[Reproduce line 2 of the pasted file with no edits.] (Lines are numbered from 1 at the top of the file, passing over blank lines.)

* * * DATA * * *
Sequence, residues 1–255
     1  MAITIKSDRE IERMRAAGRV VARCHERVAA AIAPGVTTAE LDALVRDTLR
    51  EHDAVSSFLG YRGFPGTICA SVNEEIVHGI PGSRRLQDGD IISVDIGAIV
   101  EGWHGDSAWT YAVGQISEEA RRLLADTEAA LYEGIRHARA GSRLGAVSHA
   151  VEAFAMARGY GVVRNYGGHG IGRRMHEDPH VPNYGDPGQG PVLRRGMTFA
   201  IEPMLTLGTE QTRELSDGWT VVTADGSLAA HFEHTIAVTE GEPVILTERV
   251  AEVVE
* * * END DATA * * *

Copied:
     1  MAITIKSDRE IERMRAAGRV VARCHERVAA AIAPGVTTAE LDALVRDTLR